Page 2 | How on earth to handle imaginary play?

(57 Posts)
Pl242 Sat 19-Dec-20 13:43:49

My DD has always been into imaginary play. She’s now 4 and started reception this year and I (perhaps naively) thought she’d have grown out of a bit. But it’s her entirely favourite thing to do and it’s my absolute least favourite thing to do with her.

How do people cope with it? I honestly loathe it. I know it’s my job to get past it and suck it up, but how, exactly?

I find myself getting unfairly annoyed with her as we’ll play that for a while and then I’ll try and move her onto something else like puzzles, books, games, books, colouring etc. But she quickly tires of these things and just wants to go back to playing families. Aaaah.

It’s definitely obviously harder at the moment. We were supposed to be at the theatre today which was cancelled as it’s tier 3 and just facing lots of days inside in the rain (as she’s also very reluctant to go out in poor weather).

Any tips? Also have DS who’s about to turn 2 so have the usual challenges of trying to entertain them both simultaneously etc.

OP’s posts: |
BiscuitDrama Sat 19-Dec-20 14:33:46


It's funny because I would love this so much. Dressing up and pretending to be actors or animals, creating Stories and songs. This is my dream play. My son has autism and the only thing he does is move items from room to room and stack them. We read the same book 20x a day

It's lovely to be creative and imaginative. Could you not ask her to come up with a story and you be the narrator or something?

In reality it just ends up with me being screeched at because I’m “doing it wrong”.

OnNaturesCourse Sat 19-Dec-20 14:33:47

Our house is basically an imagination land according to DC age 3.

I quite like it as it doesn't involve much, just let her run with it and go along for the ride. We can be eating marshmallows in a cafe one minute and off on an adventure with Paw Patrol the next. I adore the stories she can come up with at the drop of a hat and do find the less I think about it the more I can get involved...its like my brain needs to be switched off to a certain extent.

I do put limits on the time sometimes though as it's good for kids to entertain themselves plus we all have things to get on with! I tend to find after half an hour of it DC it quite happy to continue herself, or come and help me with whatever I am doing.

bestbefore Sat 19-Dec-20 14:36:04

Oh goodness, play with her; before you know it she will be a teenager up in her room on her phone...

StormyInTheNorth Sat 19-Dec-20 14:36:36

Oooh, yes. I am not so keen on playing school or shop or sports day but I try to suck it up as much as I can because DM never played with me and I always had no one. It helps to have something cooking that you need to check every 10 minutes or laundry that needs moving.

Pl242 Sat 19-Dec-20 14:36:55

Thank you for all the suggestions and solidarity. I don’t want to ban it (fair enough if that’s what you do). And I actually think it’s great that she wants to and I love the scale of her imagination.

I think limits with choices of other activities is probably the way to go. I predict tantrums but I also think she is old enough to understand that it can’t always just all be about her and what she wants. She does enjoy other things but resists them ahead of things that she’s decided are her favourites.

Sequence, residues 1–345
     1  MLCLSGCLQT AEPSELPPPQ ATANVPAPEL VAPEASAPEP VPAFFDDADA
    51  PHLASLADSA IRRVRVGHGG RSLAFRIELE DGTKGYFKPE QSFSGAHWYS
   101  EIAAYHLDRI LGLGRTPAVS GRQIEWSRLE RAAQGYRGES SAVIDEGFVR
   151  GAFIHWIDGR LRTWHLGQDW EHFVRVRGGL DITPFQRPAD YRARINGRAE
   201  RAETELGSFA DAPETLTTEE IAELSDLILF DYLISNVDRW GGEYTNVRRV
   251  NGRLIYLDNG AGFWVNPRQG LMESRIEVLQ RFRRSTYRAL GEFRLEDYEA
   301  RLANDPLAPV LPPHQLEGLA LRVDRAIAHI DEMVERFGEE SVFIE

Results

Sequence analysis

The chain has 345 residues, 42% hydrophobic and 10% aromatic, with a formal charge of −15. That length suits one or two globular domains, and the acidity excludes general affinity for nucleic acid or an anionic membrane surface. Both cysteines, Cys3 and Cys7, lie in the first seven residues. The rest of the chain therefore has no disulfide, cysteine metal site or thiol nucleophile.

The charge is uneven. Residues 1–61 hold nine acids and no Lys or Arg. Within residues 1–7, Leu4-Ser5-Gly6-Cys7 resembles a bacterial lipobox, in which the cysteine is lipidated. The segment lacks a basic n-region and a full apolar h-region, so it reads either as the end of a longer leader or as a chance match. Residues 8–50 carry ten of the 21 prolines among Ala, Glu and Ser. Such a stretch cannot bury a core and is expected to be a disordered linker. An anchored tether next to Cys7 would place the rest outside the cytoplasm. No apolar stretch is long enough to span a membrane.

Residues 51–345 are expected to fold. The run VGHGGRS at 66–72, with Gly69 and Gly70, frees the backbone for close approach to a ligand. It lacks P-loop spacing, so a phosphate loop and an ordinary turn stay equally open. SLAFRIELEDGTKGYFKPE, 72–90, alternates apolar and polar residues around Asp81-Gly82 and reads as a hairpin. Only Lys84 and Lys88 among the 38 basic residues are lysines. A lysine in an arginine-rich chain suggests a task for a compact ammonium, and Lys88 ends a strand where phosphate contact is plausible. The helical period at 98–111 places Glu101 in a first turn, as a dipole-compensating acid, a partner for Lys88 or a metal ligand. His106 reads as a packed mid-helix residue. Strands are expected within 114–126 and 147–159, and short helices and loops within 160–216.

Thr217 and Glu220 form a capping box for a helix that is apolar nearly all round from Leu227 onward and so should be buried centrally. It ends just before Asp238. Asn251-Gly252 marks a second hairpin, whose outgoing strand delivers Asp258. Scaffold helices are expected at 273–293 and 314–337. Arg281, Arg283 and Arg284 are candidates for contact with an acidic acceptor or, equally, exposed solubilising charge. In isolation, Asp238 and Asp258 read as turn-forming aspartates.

Alas I can’t easily get away with a passive role. She’s incredibly clear in her vision and wants full participation from others to execute this. Maybe a future in film direction lies ahead 😂. I actually do find it easier if I throw myself fully into it but I have limited stamina. I’ll think we must have been doing it for hours and I’ll look at my watch and 5 minutes have transpired.

I’m hoping in a few months my youngest will make a better playing companion. He’s at that tricky age where he’s old enough to want to get involved but not old enough to play. Old enough to want my attention but not old to effectively communicate. Trying to do craft things with both of them is a nightmare as he just wrecks everything or I can’t give her much attention or help. But I’m also pretty useless at crafts as well tbh.

I think my mind is just concentrated on this as we’re back into heavy restrictions (like I realise most places) with what looks like a really tough few months ahead.

My MiL is amazing at imaginary play and super patient but who knows when we can next have them at our house or vice versa.

Thanks again.

OP’s posts: |
longhaulstress Sat 19-Dec-20 14:40:32

I hate it too and hardly ever do it.
Sometimes I'll set stuff up but yes I hate the improv side of it, getting told off because I'm doing/saying the wrong thing.
Luckily my dd is mainly happy to do it on her own probably because I never join in so the blue moon she does ask me I don't mind.
I always just think my mum never joined in with imaginary play with me when I was young and I still had a lovely childhood.


Pl242 Sat 19-Dec-20 14:41:48

I’m willing to do all sorts of play with her - games, puzzles, crafts, outdoor play, reading. I just don’t want hours and hours or just imaginary play.

OP’s posts: |
Pl242 Sat 19-Dec-20 14:46:12

My DM didn’t do much imaginary play with me and won’t as a GM either really. I wouldn’t say I’m scarred for life but I want to be more engaged with my DD than my mother was in my childhood with this type of playing. I just find it really hard sometimes and don’t want to do it to the exclusion of all other activities. So think it’s about balance really and managing it in practice. Some good suggestions here. Thank you.

OP’s posts: |
purplemunkey Sat 19-Dec-20 14:47:04

I’m the same, I never liked it either. Once she got a bit older, maybe your DDs age in fact, I just told her I didn’t really like playing those games.

By that age she’d been at nursery for a while and had her own preferences out what she did and didn’t like doing or playing. It was easy enough to explain nicely that that’s not something I enjoy and she can either play that game on her own or we can do something we both enjoy.

She know the only role play I’m happy to play nowadays is hairdressers smile